Center for Interdisziplinary Research

Colonial Rule and the Culture of Writing

Date: June 20 - 22, 2007

Organizers: Barbara Job, Sebastian Thies, Rosa Yañes Rosales (all Bielefeld)

The workshop enjoyed a wide international participation-the participants coming from all parts of the Americas: Canada, the United States, Central and South America as well as Germany and the Netherlands. The disciplines represented by the participants reached from anthropological linguistics and socio-linguistics, literacy and cultural studies to historical studies.
The workshop treated crucial questions about the linguistic and cultural contacts between European and indigenous cultures in the colonial context. In the scope of interregional area studies researchers in the field of colonial Anglo-, Franco-, Hispano- and Luso-Americas came together and discussed current topics of research. In the centre of interest, topics such as the emerging discourse traditions of the colonial 'Third' space that originated in different ways both in the indigenous as in the European cultural traditions were discussed. In the very intense and stimulating discussions the notion of discourse tradition proved to be a powerful concept that allows bringing together different analytical approaches in the same time as it shows its relevance to the historic members of the societies under examination. Within this framework crucial research concepts were discussed such as forms of collective memory and identity, the types of writing systems, forms of representations of the cultural "other" in linguistic descriptions and poetic texts as well as processes of transculturation of indigenous discourse traditions and the development of "hybrid" forms of colonial culture.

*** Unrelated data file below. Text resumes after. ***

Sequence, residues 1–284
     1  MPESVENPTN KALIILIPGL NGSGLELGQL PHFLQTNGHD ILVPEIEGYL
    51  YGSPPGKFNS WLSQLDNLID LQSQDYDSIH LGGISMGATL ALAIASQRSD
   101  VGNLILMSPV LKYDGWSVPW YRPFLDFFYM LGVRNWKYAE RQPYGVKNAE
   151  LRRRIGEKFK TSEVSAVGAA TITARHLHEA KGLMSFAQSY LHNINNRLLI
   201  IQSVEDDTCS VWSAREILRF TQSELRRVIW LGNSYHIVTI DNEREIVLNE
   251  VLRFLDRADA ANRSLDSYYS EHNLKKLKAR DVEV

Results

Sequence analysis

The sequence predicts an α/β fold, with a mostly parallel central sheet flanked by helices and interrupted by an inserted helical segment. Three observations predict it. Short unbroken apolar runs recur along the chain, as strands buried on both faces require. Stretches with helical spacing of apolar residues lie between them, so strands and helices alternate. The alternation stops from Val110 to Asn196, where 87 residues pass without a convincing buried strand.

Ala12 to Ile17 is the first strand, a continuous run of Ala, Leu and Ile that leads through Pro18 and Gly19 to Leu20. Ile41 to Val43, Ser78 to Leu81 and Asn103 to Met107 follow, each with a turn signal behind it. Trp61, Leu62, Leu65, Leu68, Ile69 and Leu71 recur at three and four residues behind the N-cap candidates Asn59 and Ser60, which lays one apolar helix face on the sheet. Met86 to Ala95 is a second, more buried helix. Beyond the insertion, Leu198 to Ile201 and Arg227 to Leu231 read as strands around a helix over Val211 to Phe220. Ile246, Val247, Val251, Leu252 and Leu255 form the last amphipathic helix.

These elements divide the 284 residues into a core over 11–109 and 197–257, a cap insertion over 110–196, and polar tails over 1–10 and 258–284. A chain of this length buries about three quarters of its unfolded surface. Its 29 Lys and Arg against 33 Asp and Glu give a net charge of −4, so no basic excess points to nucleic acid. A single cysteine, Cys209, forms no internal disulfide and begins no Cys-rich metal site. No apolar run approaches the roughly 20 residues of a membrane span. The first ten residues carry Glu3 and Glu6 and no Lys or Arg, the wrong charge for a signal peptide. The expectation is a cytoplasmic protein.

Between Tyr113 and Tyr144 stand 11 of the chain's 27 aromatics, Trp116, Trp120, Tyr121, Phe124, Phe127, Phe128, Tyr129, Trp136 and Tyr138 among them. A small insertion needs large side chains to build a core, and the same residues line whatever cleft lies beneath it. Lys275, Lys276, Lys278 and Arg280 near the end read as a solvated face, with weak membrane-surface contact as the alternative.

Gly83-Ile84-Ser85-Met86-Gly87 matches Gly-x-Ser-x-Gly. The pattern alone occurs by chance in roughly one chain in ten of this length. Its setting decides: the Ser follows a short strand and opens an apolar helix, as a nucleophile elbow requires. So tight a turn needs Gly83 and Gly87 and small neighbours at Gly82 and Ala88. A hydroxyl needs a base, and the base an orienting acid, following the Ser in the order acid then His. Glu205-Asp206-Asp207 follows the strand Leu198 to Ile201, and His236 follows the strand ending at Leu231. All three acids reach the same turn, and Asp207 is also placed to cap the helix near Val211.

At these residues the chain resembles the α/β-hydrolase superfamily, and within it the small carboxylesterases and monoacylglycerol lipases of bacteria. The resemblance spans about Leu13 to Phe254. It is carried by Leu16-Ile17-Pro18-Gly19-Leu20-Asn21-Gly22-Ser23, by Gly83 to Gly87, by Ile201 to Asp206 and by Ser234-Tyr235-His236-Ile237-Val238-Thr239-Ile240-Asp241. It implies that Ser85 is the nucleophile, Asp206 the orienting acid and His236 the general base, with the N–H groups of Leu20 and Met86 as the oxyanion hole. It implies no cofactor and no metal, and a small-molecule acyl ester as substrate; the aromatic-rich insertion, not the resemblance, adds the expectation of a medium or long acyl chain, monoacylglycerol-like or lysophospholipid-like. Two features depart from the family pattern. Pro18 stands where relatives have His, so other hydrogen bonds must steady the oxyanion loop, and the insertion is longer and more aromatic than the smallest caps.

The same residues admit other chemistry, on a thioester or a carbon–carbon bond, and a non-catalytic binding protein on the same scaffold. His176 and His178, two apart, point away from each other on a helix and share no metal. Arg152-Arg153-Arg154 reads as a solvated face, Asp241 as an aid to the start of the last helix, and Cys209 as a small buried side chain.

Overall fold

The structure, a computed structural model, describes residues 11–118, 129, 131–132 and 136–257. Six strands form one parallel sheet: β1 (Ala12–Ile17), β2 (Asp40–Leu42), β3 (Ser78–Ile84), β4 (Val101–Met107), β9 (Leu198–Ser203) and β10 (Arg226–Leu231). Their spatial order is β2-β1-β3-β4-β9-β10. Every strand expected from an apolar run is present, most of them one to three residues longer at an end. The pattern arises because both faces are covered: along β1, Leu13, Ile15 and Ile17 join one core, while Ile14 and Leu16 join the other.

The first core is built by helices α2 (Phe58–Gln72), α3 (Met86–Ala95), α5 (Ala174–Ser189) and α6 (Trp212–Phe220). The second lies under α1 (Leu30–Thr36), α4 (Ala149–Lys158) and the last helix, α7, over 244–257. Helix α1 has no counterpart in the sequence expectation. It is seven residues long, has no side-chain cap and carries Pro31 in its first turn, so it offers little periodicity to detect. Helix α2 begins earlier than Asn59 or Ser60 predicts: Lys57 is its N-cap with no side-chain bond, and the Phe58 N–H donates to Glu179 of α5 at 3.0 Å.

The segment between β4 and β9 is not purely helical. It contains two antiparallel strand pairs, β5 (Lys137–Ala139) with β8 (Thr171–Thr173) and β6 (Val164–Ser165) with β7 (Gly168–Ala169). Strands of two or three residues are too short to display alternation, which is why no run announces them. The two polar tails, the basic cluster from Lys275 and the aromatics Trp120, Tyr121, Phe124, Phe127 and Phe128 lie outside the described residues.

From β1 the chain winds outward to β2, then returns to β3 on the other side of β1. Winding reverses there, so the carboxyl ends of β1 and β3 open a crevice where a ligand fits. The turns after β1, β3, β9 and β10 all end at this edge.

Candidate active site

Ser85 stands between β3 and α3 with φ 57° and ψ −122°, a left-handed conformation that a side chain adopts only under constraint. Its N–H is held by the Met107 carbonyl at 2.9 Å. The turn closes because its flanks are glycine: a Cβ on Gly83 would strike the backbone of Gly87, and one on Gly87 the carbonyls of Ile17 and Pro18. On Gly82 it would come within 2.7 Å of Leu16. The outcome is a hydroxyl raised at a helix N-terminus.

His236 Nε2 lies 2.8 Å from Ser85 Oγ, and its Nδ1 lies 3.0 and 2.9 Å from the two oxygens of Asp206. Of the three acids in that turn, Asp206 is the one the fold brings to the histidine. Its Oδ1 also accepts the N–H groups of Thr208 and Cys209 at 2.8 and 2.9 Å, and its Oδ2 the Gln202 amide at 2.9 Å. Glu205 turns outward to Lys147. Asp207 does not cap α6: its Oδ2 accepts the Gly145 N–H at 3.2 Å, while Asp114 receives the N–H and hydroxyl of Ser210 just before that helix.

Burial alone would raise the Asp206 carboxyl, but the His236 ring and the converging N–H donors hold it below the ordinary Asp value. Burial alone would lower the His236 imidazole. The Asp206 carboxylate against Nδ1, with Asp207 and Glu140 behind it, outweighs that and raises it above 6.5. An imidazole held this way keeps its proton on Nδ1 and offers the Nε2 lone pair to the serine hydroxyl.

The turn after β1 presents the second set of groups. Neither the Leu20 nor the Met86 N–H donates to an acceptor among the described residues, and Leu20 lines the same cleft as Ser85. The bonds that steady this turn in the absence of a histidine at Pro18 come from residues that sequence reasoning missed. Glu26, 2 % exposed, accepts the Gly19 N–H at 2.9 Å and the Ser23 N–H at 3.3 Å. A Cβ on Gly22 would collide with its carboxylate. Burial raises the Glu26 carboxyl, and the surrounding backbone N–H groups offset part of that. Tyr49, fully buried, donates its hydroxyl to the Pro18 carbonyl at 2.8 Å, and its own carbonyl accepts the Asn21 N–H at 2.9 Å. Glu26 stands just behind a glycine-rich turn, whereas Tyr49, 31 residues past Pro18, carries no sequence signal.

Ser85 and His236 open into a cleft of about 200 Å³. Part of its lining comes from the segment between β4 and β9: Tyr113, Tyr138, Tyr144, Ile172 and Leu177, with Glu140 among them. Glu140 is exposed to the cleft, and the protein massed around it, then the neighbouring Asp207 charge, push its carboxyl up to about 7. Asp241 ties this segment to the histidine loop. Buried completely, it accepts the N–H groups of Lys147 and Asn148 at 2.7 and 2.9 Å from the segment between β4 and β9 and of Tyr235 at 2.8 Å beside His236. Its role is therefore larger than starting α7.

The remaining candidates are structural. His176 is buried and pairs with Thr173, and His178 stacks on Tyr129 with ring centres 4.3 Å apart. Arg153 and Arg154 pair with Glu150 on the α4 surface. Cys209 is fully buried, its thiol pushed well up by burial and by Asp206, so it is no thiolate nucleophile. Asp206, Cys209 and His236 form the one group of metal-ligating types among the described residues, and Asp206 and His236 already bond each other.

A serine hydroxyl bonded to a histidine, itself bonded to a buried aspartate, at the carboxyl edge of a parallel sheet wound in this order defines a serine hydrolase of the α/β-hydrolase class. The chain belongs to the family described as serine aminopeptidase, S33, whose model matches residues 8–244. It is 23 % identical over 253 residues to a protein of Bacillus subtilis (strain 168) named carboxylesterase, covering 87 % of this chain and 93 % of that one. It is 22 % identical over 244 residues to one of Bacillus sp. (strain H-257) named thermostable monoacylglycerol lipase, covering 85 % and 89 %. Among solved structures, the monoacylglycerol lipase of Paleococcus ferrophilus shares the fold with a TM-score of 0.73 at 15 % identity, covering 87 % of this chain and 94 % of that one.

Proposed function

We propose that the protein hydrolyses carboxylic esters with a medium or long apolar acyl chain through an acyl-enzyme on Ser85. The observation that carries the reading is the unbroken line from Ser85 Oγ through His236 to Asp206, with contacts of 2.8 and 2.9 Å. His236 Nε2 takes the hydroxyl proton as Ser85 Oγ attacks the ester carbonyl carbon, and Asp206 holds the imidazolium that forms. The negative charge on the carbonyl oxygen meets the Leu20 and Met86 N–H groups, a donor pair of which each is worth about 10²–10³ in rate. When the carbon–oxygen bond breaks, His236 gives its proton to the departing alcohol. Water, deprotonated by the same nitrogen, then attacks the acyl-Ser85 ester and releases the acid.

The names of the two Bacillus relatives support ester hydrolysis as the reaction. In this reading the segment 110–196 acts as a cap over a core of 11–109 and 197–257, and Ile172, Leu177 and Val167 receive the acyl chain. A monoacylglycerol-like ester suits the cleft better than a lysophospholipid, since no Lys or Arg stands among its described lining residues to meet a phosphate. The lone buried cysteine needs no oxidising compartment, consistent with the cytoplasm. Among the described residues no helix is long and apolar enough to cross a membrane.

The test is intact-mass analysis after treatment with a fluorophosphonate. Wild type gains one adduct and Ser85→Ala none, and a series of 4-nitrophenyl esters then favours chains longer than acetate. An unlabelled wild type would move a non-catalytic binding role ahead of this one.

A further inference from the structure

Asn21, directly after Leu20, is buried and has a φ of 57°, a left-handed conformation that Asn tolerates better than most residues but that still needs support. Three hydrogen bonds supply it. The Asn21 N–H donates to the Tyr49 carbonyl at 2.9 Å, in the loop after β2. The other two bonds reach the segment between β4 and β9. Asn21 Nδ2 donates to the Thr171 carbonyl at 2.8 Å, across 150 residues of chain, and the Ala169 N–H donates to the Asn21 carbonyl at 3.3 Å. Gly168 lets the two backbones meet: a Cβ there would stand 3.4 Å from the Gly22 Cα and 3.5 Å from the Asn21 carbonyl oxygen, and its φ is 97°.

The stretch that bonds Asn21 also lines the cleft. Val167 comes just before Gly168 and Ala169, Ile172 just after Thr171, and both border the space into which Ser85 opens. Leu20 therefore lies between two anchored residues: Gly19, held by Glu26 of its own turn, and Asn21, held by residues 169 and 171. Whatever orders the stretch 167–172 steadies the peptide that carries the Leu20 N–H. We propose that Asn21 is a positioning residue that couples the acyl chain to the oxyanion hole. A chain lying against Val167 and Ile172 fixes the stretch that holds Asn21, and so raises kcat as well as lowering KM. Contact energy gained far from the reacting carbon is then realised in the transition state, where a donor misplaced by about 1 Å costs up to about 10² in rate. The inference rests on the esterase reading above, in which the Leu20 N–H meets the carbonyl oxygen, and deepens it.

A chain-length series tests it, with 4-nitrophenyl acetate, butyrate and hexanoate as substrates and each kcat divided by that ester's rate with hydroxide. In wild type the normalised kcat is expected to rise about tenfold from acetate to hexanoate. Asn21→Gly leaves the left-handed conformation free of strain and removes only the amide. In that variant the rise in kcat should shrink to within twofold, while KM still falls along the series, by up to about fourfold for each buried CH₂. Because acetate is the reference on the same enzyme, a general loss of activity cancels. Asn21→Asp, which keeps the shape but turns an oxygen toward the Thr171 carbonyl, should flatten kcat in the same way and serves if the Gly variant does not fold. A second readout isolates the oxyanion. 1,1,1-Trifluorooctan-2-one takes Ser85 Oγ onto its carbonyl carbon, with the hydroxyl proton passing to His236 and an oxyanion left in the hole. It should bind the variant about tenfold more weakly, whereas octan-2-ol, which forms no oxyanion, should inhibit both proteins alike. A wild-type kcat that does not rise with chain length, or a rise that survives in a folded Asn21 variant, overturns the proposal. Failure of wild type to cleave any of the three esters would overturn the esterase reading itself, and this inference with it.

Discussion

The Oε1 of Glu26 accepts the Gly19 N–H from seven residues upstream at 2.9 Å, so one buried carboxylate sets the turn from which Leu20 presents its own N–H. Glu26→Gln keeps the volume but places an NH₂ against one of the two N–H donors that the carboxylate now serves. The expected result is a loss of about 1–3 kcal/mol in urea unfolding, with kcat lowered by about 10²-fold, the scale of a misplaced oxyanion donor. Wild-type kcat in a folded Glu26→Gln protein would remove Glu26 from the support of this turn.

The broad range of colonial regions under examination in the talks showed both eminent differences (as, for example, concerning the pre-colonial forms of cultural memory in the different indigenous cultures ranging from oral performances to the highly ideological use of writing systems but also in the attitude of the involved European powers to the autochthonous tribes) and interesting similarities (as, for example, in the influences of grammatical traditions on the description of indigenous languages).
Europeans made extensive use of their written discourse traditions for their colonial matters. Narratives and poetic texts but also legal and educational discourse traditions were crucial to arousing European interest in America. In the contact with pre-existing indigenous cultural traditions the colonial situation led to the emergence of new hybrid discourse traditions that integrated different forms of collective and cultural memory. The sheer number and importance of texts produced in the colonial contact situations gives evidence of European concern over their relations with Indians.
There was no single native response to the technology of alphabetic writing. Many Indians as the Inuit and the Cree took up writing and used it as a resource for cultural revitalization, resistance, and self-representation. Others, like the Iroquois self-consciously disdained the written word in favour of their oral traditions. Indians that had themselves written discourse practices as the Aztecs placed great value on the symbolic power of their texts and at the same time enlarged their cultural practice in adapting the European writing system and discourse traditions to testify their own history and experiences.
Dealing with a comparative trans-regional approach to the colonial history of the Americas, the workshop established a fruitful interdisciplinary dialogue between disciplines such as cultural studies, the history of culture, religion and political history, as well as sociolinguistics and contact linguistics.
The results of our workshop will be published by the organisation team in the series Interamerican Perspectives / Perspectivas Interamericanas.

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